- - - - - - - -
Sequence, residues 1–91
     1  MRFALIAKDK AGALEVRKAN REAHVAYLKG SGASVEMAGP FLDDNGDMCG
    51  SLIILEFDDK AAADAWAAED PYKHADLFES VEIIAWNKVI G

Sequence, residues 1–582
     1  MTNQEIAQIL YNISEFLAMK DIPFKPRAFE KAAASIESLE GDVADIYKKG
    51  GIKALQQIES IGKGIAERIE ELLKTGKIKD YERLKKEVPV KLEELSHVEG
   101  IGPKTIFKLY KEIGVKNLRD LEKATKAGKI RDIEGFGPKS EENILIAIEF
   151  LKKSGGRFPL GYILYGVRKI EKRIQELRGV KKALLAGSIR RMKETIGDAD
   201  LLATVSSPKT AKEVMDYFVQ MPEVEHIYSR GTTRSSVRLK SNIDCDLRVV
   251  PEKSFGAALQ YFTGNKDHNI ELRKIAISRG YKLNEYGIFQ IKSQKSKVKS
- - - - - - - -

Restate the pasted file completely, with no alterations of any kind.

Sequence, residues 1–91
     1  MRFALIAKDK AGALEVRKAN REAHVAYLKG SGASVEMAGP FLDDNGDMCG
    51  SLIILEFDDK AAADAWAAED PYKHADLFES VEIIAWNKVI G

Sequence, residues 1–582
     1  MTNQEIAQIL YNISEFLAMK DIPFKPRAFE KAAASIESLE GDVADIYKKG
    51  GIKALQQIES IGKGIAERIE ELLKTGKIKD YERLKKEVPV KLEELSHVEG
   101  IGPKTIFKLY KEIGVKNLRD LEKATKAGKI RDIEGFGPKS EENILIAIEF
   151  LKKSGGRFPL GYILYGVRKI EKRIQELRGV KKALLAGSIR RMKETIGDAD
   201  LLATVSSPKT AKEVMDYFVQ MPEVEHIYSR GTTRSSVRLK SNIDCDLRVV
   251  PEKSFGAALQ YFTGNKDHNI ELRKIAISRG YKLNEYGIFQ IKSQKSKVKS